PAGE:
Matthew Pusti’s ‘80s-influenced electronic “synthwave” music has always been highly cinematic in tone and atmosphere, going all the way back to 2006’s Charles Park. Therefore, it should come as no surprise that he’s become in-demand by various creatives who want his sounds gracing their short films (Jogger, Hit TV, 88:88) and video games (Brigador).
His most recent bit of soundtrack work is for Aubrey Serr’s Trackless, “an atmospheric first-person exploration and puzzle game set in the distant future” that has drawn comparisons to classic games like Myst and Loom. I can’t speak for the game, not having played it (though it certainly looks intriguing), but the Trackless soundtrack contains some of Makeup & Vanity Set’s most ambient and surreal work in some time.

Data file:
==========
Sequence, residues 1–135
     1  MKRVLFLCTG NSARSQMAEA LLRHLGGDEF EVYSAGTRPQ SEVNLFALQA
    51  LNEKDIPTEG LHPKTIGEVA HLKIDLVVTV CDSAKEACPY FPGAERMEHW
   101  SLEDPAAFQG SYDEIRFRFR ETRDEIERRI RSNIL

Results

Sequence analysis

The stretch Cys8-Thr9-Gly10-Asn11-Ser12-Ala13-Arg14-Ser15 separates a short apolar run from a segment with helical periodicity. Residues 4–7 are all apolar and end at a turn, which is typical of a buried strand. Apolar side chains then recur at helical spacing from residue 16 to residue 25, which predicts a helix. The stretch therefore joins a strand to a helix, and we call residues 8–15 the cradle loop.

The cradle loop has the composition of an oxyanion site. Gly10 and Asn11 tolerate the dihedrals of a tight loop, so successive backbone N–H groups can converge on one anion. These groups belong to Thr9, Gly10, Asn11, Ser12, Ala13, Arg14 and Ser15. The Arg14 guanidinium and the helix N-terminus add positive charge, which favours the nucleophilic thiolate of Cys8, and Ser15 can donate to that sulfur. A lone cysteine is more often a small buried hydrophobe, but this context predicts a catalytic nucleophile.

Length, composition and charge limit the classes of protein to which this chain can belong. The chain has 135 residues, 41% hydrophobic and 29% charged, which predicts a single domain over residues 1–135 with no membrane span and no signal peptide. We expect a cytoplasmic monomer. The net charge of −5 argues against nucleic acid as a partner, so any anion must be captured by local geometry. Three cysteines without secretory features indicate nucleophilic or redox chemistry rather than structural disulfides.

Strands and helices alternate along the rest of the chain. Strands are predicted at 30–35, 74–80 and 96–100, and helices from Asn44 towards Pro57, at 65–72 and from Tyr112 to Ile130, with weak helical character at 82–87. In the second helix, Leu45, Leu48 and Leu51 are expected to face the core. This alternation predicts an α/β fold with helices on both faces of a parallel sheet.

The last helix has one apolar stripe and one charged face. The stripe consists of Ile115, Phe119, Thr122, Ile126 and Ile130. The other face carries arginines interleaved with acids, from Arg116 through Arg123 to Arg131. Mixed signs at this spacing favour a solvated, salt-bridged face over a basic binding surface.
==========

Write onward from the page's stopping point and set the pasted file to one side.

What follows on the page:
The songs here bring to mind, at various times, early Boards of Canada and even facets of the Ghost Box label’s storied hauntological sound. Sure, the usual synth arpeggios pop up (“Pathfinder”), but overall, the Trackless soundtrack is a far cry from the heavier, more intense style of the Brigador soundtrack or even the recent Chrome and Wavehymnal EPs.
Indeed, the sounds that best define Trackless aren’t Pusti’s excellent (as always) synth-work but rather, the gentle chimes drifting through songs like “Wasteland,” “The Wanderer,” and even the funky “Iridescent.” They give Pusti’s sweeping — and yes, cinematic — synthscapes a contemplative air quite unlike anything else in his discography.
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I've also written for Christ and Pop Culture, ScreenAnarchy, Filmwell, and Christian Research Journal. I pay the bills by creating beautiful user interfaces and websites for Firespring and Red Bicycle.